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Negligence or Sabotage?: The Face of a Disaster when Grief Turns to Anger in Lebanon

Lebanon




By: Elena Grace Flores

YouTube video by BBC




Beirut explosion: Angry residents rage at leaders after blast – BBC News

The Bomb Factor in the Explosion in Lebanon

The aftermath of the Beirut blast is more than just physical. An outpour of emotions and anger towards an alleged government’s negligence are in the open. Let’s revisit the figure analysis that can trigger the massive explosion in Lebanon with a yield of at least 200 tonnes. This is a conservative estimate since ANFO is only 0.74 equivalent to TNT. The ammonium nitrate also needs fuel to ignite. It’s unlikely also that 100 percent of all the materials were used. The larger range is from 2 to 3 kilotonnes maximum and around 200 tonnes minimum. For comparison, the Hiroshima atomic/nuclear bomb explosion was 12-kilotonnes. However, the fact that it needs fuel to explode, cannot yet rule out the sabotage scenario.



The Sabotage Scenario

The ammonium nitrate storage at the Beirut explosion site is just the oxidizer. Though the condition already deteriorates due to heat and other exposures. The unstable state plus the fuel from the aluminum foil of the firework embarkment nearby allows the disastrous incident to happen. The investigation must not stop there. People are asking for the culprits to be found. The port mismanagement is one thing but there is also a possibility that allows the union of both components. It could either be government sabotage or pure administration incompetence.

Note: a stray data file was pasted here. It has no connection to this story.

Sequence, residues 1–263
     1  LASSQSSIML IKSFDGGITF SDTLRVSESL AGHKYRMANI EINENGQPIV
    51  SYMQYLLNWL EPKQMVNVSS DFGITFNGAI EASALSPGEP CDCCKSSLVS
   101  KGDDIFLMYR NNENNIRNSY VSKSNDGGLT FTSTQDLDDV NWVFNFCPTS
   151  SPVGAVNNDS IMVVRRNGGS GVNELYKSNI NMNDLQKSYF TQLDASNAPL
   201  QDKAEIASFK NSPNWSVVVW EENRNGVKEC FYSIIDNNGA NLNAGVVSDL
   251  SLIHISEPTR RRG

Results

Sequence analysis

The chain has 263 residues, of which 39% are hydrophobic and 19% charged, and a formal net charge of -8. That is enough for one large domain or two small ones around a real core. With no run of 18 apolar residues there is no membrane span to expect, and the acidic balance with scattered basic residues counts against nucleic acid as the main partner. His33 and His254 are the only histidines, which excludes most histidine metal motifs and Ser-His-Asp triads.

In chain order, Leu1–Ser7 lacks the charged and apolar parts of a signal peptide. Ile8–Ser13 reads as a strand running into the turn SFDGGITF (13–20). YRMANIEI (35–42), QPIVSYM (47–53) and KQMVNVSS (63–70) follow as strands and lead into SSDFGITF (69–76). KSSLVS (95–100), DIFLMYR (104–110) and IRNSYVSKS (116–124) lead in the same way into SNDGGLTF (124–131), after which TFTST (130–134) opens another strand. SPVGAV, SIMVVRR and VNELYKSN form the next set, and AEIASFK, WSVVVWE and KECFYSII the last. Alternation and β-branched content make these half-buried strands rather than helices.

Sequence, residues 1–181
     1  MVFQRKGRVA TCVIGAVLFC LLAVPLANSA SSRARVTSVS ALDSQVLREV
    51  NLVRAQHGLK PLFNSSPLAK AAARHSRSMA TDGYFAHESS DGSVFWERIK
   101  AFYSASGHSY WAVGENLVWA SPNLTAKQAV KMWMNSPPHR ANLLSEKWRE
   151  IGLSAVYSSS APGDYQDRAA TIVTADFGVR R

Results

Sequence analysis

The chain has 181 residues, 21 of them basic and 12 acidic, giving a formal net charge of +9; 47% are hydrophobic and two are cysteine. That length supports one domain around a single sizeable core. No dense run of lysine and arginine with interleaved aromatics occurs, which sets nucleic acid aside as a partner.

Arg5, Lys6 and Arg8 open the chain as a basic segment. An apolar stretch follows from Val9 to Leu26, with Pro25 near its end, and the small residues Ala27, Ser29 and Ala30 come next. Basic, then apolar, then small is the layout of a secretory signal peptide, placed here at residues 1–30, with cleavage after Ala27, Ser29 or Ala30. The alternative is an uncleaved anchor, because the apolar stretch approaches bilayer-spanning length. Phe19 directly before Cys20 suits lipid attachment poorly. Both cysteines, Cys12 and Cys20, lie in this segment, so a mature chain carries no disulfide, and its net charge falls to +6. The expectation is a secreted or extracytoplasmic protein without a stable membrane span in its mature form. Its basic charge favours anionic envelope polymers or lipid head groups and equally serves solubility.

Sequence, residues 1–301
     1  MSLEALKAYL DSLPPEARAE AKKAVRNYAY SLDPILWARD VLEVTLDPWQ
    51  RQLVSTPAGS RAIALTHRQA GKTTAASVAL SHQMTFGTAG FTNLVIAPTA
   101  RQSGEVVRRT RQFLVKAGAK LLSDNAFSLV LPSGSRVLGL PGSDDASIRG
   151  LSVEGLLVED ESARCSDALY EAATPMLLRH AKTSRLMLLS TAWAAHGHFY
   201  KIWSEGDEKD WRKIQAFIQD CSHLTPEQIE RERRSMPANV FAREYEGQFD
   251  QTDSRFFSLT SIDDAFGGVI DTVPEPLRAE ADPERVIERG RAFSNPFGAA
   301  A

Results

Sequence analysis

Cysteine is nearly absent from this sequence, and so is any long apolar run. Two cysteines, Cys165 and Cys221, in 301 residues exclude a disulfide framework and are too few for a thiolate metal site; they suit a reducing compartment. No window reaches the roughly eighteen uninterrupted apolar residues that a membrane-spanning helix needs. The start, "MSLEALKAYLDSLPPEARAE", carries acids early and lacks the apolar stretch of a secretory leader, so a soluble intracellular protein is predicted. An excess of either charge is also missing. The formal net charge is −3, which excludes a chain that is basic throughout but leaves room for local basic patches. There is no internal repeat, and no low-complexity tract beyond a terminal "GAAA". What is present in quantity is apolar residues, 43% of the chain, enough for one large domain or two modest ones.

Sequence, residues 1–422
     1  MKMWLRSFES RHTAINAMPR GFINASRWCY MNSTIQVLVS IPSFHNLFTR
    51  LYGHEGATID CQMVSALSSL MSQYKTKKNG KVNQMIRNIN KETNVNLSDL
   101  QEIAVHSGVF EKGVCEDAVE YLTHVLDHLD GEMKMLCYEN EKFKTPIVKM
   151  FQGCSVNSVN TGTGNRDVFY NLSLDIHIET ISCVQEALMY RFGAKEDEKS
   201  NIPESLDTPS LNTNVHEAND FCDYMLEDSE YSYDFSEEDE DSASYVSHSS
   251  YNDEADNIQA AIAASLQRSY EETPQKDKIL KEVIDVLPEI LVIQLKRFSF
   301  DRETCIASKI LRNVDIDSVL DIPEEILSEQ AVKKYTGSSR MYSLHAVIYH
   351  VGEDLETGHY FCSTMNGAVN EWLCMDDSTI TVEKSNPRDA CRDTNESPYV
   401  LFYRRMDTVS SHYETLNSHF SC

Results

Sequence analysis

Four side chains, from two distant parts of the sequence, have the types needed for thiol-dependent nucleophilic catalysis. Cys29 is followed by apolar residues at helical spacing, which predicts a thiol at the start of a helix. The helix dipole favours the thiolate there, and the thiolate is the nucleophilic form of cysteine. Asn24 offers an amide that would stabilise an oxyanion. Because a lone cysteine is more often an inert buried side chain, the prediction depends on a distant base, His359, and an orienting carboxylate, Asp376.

Grief Turns to Anger

Many have accused the authorities of corruption, neglect, and mismanagement. The blast killed at least 137 people and injured about 5,000 others, while dozens are still missing. People in Beirut have expressed anger at the government over what they say was negligence that led to the huge explosion. But could it be sabotage?


Fr. Jose Bosch Innovative Skills Training Advocacy Cooperative (ISTAC)

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Beirut Blast: An Accident or Human Error?

Beirut




By: Elena Grace Flores

YouTube video by BBC




Beirut blast: Lebanon in mourning after massive explosion – Top stories this morning – BBC

Perception Prior to Investigation Results

An investigation is underway to find the exact trigger for the recent Beirut explosion. However, its visuals and circumstances can tell some logic. What were the 2,750 tonnes of ammonium nitrate doing in port storage? They are highly explosive materials perhaps forgotten in a warehouse for around six or seven years due to some legal issues. The massive devastation can easily imply a terrorism act. However, the physical evidence likely to rule it out. Therefore, it can only be a mere accident or human error or mismanagement.



ANFO or Ammonium Nitrate/Fuel Oil

ANFO is a widely used bulk industrial explosive. It consists of 94% porous prilled ammonium nitrate (NH4NO3) (AN), which acts as the oxidizing agent and absorbent for the fuel, and 6% number 2 fuel oil (FO). The (AN) component of this is the one found at the Beirut explosion site, an oxidizer. It can degrade over time due to heat and other exposures. The unstable condition can then create sparks, especially when exposed to perhaps aluminum foils from the fireworks or any fuel. It may be just unfortunate that there was also firework storage in the same vicinity.

Figure Analysis

The reactions and series of fires in the visuals indicate that the spark from the AN-Fuel combination caused them to ignite. This leads to a massive explosion with a yield of at least 200 tonnes. This is a conservative estimate since ANFO is only 0.74 equivalent to TNT and it’s unlikely that 100 percent of all the materials were used. The larger range is from 2 to 3 kilotonnes maximum and around 200 tonnes minimum. For comparison, the Hiroshima atomic/nuclear bomb explosion was 12-kilotonnes.


Fr. Jose Bosch Innovative Skills Training Advocacy Cooperative (ISTAC)